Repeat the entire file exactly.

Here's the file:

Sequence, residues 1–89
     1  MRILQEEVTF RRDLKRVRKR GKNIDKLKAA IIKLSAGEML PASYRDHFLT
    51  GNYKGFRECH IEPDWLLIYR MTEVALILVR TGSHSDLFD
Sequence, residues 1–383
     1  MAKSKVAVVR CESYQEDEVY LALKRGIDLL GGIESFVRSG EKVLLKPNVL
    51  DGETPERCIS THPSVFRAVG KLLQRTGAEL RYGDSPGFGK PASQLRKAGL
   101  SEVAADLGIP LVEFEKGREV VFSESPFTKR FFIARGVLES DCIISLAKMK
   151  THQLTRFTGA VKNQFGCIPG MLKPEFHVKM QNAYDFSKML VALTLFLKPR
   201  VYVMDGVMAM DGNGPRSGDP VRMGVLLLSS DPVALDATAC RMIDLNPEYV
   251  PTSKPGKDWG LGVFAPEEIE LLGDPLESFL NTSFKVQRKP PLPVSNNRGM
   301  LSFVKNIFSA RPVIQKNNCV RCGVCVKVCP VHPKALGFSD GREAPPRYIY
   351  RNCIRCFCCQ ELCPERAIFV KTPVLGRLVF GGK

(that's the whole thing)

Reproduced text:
Sequence, residues 1–89
     1  MRILQEEVTF RRDLKRVRKR GKNIDKLKAA IIKLSAGEML PASYRDHFLT
    51  GNYKGFRECH IEPDWLLIYR MTEVALILVR TGSHSDLFD
Sequence, residues 1–383
     1  MAKSKVAVVR CESYQEDEVY LALKRGIDLL GGIESFVRSG EKVLLKPNVL
    51  DGETPERCIS THPSVFRAVG KLLQRTGAEL RYGDSPGFGK PASQLRKAGL
   101  SEVAADLGIP LVEFEKGREV VFSESPFTKR FFIARGVLES DCIISLAKMK
   151  THQLTRFTGA VKNQFGCIPG MLKPEFHVKM QNAYDFSKML VALTLFLKPR
   201  VYVMDGVMAM DGNGPRSGDP VRMGVLLLSS DPVALDATAC RMIDLNPEYV
   251  PTSKPGKDWG LGVFAPEEIE LLGDPLESFL NTSFKVQRKP PLPVSNNRGM
   301  LSFVKNIFSA RPVIQKNNCV RCGVCVKVCP VHPKALGFSD GREAPPRYIY
   351  RNCIRCFCCQ ELCPERAIFV KTPVLGRLVF GGK